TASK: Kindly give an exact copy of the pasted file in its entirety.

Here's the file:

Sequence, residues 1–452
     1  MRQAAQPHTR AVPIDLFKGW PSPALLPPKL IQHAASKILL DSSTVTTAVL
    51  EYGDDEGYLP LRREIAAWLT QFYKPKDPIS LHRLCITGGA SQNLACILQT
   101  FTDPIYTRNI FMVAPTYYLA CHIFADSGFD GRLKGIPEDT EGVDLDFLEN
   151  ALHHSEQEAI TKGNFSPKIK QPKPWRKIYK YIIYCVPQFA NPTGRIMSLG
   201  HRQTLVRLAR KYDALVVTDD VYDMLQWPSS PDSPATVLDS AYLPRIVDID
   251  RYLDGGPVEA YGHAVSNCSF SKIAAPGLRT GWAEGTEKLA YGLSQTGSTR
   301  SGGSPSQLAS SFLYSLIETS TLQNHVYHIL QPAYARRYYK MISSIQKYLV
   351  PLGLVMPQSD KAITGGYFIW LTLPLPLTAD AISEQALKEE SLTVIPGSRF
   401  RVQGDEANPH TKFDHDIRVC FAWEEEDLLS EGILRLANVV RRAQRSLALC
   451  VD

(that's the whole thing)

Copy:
Sequence, residues 1–452
     1  MRQAAQPHTR AVPIDLFKGW PSPALLPPKL IQHAASKILL DSSTVTTAVL
    51  EYGDDEGYLP LRREIAAWLT QFYKPKDPIS LHRLCITGGA SQNLACILQT
   101  FTDPIYTRNI FMVAPTYYLA CHIFADSGFD GRLKGIPEDT EGVDLDFLEN
   151  ALHHSEQEAI TKGNFSPKIK QPKPWRKIYK YIIYCVPQFA NPTGRIMSLG
   201  HRQTLVRLAR KYDALVVTDD VYDMLQWPSS PDSPATVLDS AYLPRIVDID
   251  RYLDGGPVEA YGHAVSNCSF SKIAAPGLRT GWAEGTEKLA YGLSQTGSTR
   301  SGGSPSQLAS SFLYSLIETS TLQNHVYHIL QPAYARRYYK MISSIQKYLV
   351  PLGLVMPQSD KAITGGYFIW LTLPLPLTAD AISEQALKEE SLTVIPGSRF
   401  RVQGDEANPH TKFDHDIRVC FAWEEEDLLS EGILRLANVV RRAQRSLALC
   451  VD